Students demonstrate their passion for coding in “hackathon”

Oct 12, 2012 · Science · By Krystin Li, Myles Hudson

Susan Qu
UW students have definitely showed their enthusiasm and persistency in programming in the 48-hour competition.

For 48 sleepless, caffeine fuelled hours, students from all across Canada, including those from UW and Laurier, participated in the third annual Great Canadian Appathon (GCA), the so-called “hackathon” for post-secondary students.

“There’s nothing that gets creative juices flowing like a tight schedule, lots of Red Bull, and no sleep,” said Lydia Schaele, public relations specialist at XMG Studio.

The GCA, a mobile game creation event founded by XMG studio, organized students into programming “hubs” where friends and programming teams could write, test, and create their own mobile games. All games were submitted for judgement on Sept. 30, and the winners will be announced on Nov. 8, with first place winners set to receive $25,000.

According to Schaele, the idea for the GCA came to them after they launched Cows versus Aliens — the product of a 48-hour internal hackathon — and it almost immediately skyrocketed up the app store charts.

Cows versus Aliens went on to win the title of 2011’s Most Innovative Game on Android. Today, there are over a million downloads on the Android platform and well over a million on the iOS platform. This is a manifestation of how well a sleep-deprived weekend spent crunched over a computer can pay off.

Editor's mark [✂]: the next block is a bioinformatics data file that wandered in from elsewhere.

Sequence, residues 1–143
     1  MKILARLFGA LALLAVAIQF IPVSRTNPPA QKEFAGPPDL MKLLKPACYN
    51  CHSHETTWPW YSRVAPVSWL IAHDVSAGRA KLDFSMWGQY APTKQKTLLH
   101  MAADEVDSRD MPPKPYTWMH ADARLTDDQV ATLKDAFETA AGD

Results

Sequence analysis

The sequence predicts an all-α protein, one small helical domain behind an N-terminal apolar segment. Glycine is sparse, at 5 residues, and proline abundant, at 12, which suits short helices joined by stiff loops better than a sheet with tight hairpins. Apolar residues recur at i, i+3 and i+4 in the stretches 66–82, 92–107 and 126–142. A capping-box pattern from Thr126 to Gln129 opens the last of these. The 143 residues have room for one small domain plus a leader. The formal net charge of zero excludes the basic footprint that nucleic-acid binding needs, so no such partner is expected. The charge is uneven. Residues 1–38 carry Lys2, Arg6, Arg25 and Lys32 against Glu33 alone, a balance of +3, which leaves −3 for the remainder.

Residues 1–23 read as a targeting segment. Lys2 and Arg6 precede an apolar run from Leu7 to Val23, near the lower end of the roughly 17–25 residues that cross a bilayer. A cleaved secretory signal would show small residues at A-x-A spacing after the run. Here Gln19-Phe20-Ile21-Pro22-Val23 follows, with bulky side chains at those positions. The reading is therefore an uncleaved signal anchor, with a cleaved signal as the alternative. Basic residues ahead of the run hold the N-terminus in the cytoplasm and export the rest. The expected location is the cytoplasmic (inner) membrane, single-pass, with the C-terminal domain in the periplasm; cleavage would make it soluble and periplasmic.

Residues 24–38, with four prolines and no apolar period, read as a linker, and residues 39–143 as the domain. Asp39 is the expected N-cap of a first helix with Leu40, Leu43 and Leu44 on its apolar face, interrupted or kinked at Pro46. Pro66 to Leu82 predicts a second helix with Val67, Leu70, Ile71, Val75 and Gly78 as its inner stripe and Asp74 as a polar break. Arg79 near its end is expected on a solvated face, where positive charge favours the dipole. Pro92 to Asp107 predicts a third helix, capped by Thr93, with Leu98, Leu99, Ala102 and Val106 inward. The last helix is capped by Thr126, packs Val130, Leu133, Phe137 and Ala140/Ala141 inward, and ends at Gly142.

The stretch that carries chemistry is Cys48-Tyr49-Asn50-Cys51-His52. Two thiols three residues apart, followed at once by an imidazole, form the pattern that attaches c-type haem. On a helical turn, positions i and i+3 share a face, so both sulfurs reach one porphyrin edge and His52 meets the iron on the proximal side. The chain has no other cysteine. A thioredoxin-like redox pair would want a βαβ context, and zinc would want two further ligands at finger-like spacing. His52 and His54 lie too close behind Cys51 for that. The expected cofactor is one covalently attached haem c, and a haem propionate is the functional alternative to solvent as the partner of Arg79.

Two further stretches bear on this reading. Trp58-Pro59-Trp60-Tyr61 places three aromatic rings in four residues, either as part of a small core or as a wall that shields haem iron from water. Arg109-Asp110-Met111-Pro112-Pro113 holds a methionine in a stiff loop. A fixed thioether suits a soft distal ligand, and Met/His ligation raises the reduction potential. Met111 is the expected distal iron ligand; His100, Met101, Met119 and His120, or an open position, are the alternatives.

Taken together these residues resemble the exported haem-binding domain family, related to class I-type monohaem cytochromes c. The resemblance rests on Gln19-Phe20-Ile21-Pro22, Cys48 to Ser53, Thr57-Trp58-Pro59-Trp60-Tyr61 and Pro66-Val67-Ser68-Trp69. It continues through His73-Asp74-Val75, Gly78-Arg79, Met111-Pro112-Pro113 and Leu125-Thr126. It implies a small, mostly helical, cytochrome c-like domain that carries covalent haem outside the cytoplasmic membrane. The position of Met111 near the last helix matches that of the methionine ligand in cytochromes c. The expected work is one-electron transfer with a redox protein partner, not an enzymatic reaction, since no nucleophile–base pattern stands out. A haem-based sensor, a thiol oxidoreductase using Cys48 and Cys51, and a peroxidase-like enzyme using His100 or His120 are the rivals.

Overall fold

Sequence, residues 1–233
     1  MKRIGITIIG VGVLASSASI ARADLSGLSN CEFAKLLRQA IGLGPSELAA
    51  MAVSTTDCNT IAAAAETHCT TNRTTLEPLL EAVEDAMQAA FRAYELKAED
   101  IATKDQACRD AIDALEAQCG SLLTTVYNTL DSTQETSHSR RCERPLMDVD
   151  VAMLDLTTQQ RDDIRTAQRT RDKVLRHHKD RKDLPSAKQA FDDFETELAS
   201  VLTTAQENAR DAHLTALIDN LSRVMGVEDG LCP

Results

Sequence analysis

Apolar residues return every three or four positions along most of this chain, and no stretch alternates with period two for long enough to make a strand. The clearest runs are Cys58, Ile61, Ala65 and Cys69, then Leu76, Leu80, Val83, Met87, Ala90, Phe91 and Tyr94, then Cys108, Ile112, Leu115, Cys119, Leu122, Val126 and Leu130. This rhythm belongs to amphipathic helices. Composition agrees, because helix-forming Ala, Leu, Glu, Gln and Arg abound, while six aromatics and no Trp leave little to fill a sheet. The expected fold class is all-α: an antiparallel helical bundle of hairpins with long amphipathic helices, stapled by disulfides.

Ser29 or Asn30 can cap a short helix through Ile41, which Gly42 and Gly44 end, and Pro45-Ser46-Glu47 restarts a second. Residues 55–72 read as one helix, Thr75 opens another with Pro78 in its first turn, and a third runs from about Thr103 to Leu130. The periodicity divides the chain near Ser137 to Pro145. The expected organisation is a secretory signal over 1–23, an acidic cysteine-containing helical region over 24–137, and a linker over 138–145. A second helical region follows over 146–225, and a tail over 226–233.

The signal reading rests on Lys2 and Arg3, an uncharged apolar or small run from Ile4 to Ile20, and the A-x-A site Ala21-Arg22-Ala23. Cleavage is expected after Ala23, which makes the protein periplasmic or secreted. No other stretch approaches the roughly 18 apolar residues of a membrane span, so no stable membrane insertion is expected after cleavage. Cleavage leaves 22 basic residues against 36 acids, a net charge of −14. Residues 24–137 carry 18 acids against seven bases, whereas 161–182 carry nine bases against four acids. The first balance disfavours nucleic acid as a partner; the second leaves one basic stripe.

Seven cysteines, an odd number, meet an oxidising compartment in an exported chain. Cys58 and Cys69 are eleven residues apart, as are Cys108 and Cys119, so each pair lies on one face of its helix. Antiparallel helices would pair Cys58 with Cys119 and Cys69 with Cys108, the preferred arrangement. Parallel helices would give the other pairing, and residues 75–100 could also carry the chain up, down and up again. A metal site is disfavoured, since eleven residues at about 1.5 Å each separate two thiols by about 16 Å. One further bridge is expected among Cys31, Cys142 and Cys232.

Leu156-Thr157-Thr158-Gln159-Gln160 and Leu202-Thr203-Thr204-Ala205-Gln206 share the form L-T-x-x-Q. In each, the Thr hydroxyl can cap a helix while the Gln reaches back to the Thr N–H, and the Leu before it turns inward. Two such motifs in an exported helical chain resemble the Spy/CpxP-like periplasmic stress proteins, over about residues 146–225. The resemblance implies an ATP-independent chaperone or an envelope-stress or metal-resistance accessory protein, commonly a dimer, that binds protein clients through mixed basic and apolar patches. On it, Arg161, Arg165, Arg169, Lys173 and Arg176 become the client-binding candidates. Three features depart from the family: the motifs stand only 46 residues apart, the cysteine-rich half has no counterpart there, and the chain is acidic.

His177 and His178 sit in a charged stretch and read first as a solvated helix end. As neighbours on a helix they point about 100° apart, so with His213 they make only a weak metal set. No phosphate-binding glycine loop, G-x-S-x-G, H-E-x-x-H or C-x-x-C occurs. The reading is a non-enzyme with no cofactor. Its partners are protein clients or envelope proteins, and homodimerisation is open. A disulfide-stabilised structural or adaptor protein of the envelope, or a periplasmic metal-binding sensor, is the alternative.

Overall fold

Over 500 Canadian students participated in the “coding marathon” across the country; the event is decentralized, with hubs located on different collaborative campuses. University of Waterloo is just one of the few. On Sept. 28, students arrived at the Davis Centre fishbowl to prepare for the competition.

“The GCA offers students the unique opportunity to have a mobile game creation credited to their name with the prospects to nicely compliment a resume of accomplishments,” said Schaele. “Even more important is the intense learning students receive in how to build a mobile application. Many students I spoke to from previous GCA events consistently say they learned more from this weekend of activity than any other part of their academic experience.”

For most UW students, GCA is probably just one of the many overnight programming contests they have experienced. The theme of the contest was not announced until 12:00 p.m. on Sept. 28, and the actual contest started at 5 p.m. Students were expected to start the project without any prior coding, although frameworks and other engines can be used.

According to Schaele, XMG also assembles a dream list of tools and resources for students each year that would allow any game development newbie to hack together their creation in a short but intense time period. Students take advantage of access to programming tips, art resources, sound, and even entire modules of code.

The competition was fierce. Currently the XMG team is playing their fingers bloody testing more than 100 submitted games. On Oct. 19 the top 25 teams will be announced.  

“We are incredibly proud of what the GCA has become since we first hosted the competition in 2011,” stated Schaele. “GCA1 and GCA2 both went down in developer history as the largest ‘hackathons’ ever to be held in Canada, and the GCA3  —  with its more than 500 participants  —  did nothing less.”

The XMG team decided to bump up the total amount of cash and prizes for GCA3 winners from the original $30,000 to more than $45,000, to celebrate the great Canadian coding culture. For UW participants, more money just means more to hope for as the annoucement date approaches.



With files from UW Campus Bulletin

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